Sarah van Gelder

I Was Wrong About the Rural-Urban Divide

I thought I knew something about Wisconsin politics. I assumed the state was neatly divided between blue cities, like Madison and Milwaukee, and solidly red rural areas that twice elected Governor Scott Walker, one of the nation’s most right-wing governors, and went for Donald Trump in 2016.

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Americans Are Going to Jail Because They Can’t Pay a Fine

The United States has the largest incarcerated population in the world, climbing from 600,000 to over 2 million in just a few decades. We also have the highest percentage of our population behind bars of any country. The people most likely to languish behind bars are Black, Latino, Native American, and poor. It’s a legacy rooted in Jim Crow-era policies that continues in the thinly veiled racism of the war on drugs, as lawyer Michelle Alexander points out in her book The New Jim Crow.

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Big Mobilizations Like the Women's March Are Important, but Movements Need Local Organization Too

Last year at this time, a giant women’s march was in the planning stages. It turned out to be among the largest in U.S. history, according to the Washington Post. Four to 5 million people turned out in over 650 marches across the U.S. on Jan. 21, 2017, ranging from 200 in Abilene, Texas, to five who bravely marched in their hospital cancer ward, to between half a million and a million each in Washington D.C., Los Angeles and New York. In spite of Trump administration sputtering, the D.C. women’s march alone dwarfed the size of the official inauguration.

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Feeling Burned Out? When We Gather, We Get Energized

If it feels like you and the people you know have no say over what happens in Washington, D.C., that’s not an illusion. Research shows that ordinary people have close to zero influence on policymaking at the federal level while wealthy individuals and business-controlled interest groups hold substantial sway, according to an analysis published in Perspectives on Politics.

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How We Can Reimagine and Reinvent Our Society in the Coming Year

I’ve been writing a year-end column for YES! for years. Previously, my aim was to find the strands of hope from the past year that can be woven into new possibilities in the next year.

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Americans Are Stressed About the Future - Here’s Why That’s Promising

Americans are really stressed out, according to a new poll by the American Psychological Association. That’s not news, but what’s surprising is that we are slightly more stressed out by the future of our country (63 percent) than by the usual stressors—money (62 percent) and work (61 percent). In fact, well over half of all Americans, 59 percent, believe this is “the lowest point in our nation’s history.”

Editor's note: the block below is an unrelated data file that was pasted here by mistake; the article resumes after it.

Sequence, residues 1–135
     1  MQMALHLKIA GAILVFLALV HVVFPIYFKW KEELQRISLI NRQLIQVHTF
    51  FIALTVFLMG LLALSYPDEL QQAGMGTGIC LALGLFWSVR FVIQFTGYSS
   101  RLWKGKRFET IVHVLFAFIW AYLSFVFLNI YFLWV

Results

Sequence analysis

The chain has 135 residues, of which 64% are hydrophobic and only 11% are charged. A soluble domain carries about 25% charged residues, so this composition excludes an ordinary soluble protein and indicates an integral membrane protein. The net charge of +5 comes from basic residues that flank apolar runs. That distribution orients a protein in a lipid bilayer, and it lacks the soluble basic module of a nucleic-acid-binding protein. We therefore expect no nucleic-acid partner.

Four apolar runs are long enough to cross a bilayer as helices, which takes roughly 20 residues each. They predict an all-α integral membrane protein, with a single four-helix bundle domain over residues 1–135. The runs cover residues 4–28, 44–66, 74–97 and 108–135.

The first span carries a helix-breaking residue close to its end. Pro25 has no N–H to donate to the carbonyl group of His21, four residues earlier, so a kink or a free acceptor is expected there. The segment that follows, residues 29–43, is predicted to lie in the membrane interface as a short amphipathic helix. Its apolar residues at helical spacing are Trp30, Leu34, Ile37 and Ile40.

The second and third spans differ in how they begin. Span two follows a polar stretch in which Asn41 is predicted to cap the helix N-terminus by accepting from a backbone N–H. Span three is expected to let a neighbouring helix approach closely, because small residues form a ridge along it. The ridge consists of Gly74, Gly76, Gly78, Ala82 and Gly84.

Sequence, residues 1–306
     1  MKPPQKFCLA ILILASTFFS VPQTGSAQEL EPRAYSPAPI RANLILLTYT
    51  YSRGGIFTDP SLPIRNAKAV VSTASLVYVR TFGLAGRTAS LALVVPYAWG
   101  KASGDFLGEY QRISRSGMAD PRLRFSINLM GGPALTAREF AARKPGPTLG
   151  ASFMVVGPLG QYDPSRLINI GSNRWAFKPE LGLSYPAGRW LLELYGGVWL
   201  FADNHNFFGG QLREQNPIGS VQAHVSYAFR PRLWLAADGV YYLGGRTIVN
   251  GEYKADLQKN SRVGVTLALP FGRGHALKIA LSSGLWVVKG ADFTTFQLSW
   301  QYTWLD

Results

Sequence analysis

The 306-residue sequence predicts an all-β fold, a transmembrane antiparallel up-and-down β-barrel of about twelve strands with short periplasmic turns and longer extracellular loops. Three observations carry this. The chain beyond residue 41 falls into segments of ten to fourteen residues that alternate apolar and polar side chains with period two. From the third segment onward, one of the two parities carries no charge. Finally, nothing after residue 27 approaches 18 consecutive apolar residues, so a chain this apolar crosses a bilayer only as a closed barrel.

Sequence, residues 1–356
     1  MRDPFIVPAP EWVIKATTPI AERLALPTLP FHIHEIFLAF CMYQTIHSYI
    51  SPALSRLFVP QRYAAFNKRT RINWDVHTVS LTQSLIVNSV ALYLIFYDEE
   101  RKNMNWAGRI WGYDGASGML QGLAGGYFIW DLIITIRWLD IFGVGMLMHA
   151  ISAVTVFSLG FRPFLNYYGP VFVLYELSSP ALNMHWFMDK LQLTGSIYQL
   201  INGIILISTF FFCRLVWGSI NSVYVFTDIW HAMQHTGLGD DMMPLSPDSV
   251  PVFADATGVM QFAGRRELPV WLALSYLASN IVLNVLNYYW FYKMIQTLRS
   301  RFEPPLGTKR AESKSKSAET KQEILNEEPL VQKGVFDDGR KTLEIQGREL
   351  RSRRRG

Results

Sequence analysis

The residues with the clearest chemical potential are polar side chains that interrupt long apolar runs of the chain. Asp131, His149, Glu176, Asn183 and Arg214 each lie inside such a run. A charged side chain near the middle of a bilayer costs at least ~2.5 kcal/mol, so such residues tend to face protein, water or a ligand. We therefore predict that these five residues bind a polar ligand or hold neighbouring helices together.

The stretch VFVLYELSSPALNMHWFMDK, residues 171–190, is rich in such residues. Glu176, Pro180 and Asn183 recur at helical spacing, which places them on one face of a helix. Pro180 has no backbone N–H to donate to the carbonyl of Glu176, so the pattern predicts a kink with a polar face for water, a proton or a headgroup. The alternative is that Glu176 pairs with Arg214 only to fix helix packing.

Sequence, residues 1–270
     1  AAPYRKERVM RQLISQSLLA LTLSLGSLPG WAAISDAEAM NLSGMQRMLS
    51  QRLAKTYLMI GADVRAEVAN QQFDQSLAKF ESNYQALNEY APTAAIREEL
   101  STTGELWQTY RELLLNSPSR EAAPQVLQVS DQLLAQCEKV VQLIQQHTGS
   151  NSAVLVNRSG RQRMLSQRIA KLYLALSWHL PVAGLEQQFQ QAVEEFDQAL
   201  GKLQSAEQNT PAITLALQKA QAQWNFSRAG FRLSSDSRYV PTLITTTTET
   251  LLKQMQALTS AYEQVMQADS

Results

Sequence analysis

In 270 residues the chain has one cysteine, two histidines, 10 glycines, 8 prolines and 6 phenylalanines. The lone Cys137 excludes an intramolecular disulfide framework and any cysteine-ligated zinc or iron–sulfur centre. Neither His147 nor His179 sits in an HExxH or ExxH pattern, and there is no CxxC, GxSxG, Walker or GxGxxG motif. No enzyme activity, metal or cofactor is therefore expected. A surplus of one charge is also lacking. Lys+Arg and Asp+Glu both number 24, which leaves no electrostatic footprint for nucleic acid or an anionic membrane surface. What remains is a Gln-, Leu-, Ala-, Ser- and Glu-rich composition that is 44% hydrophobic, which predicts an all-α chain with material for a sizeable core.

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90 Companies Helped Cause the Climate Crisis - They Should Pay for It

Pacific Northwest forests are on fire. Several blazes are out of control, threatening rural towns, jumping rivers and highways, and covering Portland, Oregon, Seattle, and other cities in smoke and falling ash. Temperatures this  summer are an average of 3.6 degrees higher than the last half of the 20th century, according to the University of Washington Climate Impacts Group analysis published in The Seattle Times.

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The Urban Common Spaces That Show Us We Belong to Something Larger

An American friend living in Germany told me a story about when she first arrived. She and her German boyfriend were out walking when she heard a noise that got louder as they approached the town’s main square. Puzzled, she asked her partner about the unfamiliar sound.

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The Urban Common Spaces That Show Us We Belong to Something Larger

An American friend living in Germany told me a story about when she first arrived. She and her German boyfriend were out walking when she heard a noise that got louder as they approached the town’s main square. Puzzled, she asked her partner about the unfamiliar sound.

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Why Small-Scale Farming Is Our Best Hope for Restoring Rural America

Boarded-up business districts. Abandoned warehouses. Barns and homes covered by tarps slowly collapsing into the earth. It was startling how often this scene repeated as I drove through the rural areas of the Midwest, South and West on the road trip that resulted in the book The Revolution Where You Live.

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